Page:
How does a real estate company give young people a fun and healthy break before school starts again? By treating them to a day at Sandbox, Ayala Land, Inc.’s (ALI) leisure destination for young urban families, located at Alviera, the company’s mixed-use development in Porac, Pampanga.
ALI invited The Standard to share the exhilarating experience of 50 kids from Niños Pag-asa (which offers home care for children with disabilities) and Preda Foundation Youth Center (which reforms and rehabilitates abused young women) at the outdoor recreational park that is Sandbox. The kids, who are beneficiaries of Children’s Hour Philippines, Inc. (CHPI), were partnered with ALI employees and were divided into two groups— blue and green. These two groups took turns at the two main attractions of the place.
This activity was brought about by ALI’s partnership with CHPI to come up with a unique Friends Raising Program (FRP). FRP is a regular activity offered by CHPI for companies like ALI to promote volunteerism and social responsibility. As part of the program, ALI also turned over its employee donations generated from CHPI’s One Hour Campaign, where individuals are encouraged to donate an hour’s worth of their annual salaries for the non-profit organization’s various projects. Children’s Hour was founded by Jaime Augusto Zobel de Ayala and is supported by numerous companies and institutions including the Ayala Group.
Before lunchtime, the blue group tried wall climbing, free falling and roller-coaster zip lining, while the green group tried the aerial walk obstacle course. At this point, the interaction between the children and employees became more apparent. One can see them sharing stories and cheering each other on. After lunch, the blue and the green changed places. They also had the option to try the giant swing, which rang with the screams of the riders. Archery is also offered onsite.
Lunch was piping hot adobo and tinola cooked in bamboo tubes by the indigenous people (IP) from Barangay Sapang Uwak, up the mountain range across the estate, served with rice cooked using the same technique called binulu. The elder IPs showed how to build fire using river stones and dried grass after lunch, followed by an impromptu program in which one of the kids sang “Meron Ba?” and some IP children willingly rapped a self-composed piece that tells the story of their community.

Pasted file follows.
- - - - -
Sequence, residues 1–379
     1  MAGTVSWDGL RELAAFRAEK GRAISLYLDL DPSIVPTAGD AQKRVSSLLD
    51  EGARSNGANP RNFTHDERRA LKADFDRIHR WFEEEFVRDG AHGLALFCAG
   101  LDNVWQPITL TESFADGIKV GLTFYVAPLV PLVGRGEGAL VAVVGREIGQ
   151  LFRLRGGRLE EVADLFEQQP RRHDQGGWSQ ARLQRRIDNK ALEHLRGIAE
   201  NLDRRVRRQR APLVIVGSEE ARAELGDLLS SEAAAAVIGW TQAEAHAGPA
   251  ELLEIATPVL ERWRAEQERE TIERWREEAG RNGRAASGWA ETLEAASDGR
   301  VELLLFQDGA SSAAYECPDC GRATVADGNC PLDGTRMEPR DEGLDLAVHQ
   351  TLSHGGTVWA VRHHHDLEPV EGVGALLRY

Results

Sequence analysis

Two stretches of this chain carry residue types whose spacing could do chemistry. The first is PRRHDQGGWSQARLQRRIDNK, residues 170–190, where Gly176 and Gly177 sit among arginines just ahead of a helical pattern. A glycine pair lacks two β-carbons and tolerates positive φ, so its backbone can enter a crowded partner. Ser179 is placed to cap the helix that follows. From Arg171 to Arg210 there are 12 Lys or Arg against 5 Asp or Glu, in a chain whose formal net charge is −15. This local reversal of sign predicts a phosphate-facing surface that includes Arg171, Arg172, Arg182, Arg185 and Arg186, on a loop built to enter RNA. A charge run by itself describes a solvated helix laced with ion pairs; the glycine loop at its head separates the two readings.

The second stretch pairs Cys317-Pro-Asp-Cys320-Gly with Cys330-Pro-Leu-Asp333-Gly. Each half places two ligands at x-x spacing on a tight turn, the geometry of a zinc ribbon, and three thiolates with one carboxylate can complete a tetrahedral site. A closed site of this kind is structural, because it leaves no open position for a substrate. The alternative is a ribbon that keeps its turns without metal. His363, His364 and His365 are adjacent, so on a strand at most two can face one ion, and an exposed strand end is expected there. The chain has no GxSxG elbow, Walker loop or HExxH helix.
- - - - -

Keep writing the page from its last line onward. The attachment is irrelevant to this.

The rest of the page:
The Aetas have a small store at Sandbox to market the products and handicrafts of their cooperative, Ayta Kalamu Ka Kooperatiba.
John Estacio, Alviera general manager, said “We work hard to ensure that the culture and welfare of the indigenous community in the area are protected. A few members of the community have in fact started to work with us at the estate and have been very effective with ground maintenance and landscaping work.”
Estacio also shared that they aimed for “progress that radiates outward” and wanted the local community, including the IPs from Brgy. Sapang Uwak, to “grow with us.” An anthropologist helped Estacio’s team to properly learn and understand the IP way of life and also introduce livelihood projects in the larger local community. Seventy percent of the employees at Alviera are locally hired, in line with the company’s commitment to offer employment opportunities in Central Luzon.
Alviera, a 1,100-hectare integrated mixed-use development, will be an economic growth center, Estacio said, with an industrial park, three housing projects – Ayala Land Premiere, Alveo and Avida – schools, hotels and resorts, a country club and a retail district. The estate is just 1-1/2 hours from Manila, 20 minutes from Angeles and San Fernando, five minutes from Clark (and its airport), and 40 minutes from Subic (and its freeport). Phase I, which covers all these developments, is expected to be finished next year. Soon, two schools – Holy Angels University and Miriam College— will rise on the area.
The 31-hectare industrial park will house 16 light to medium, non-polluting industries registered with The Philippine Economic Zone Authority. These will go into plastic packaging, electronics, food processing and motorcycle assembly. Sandbox, on the other hand, will soon expand to include urban carting, a mini-golf course and a food and beverage place near the ticket counter.
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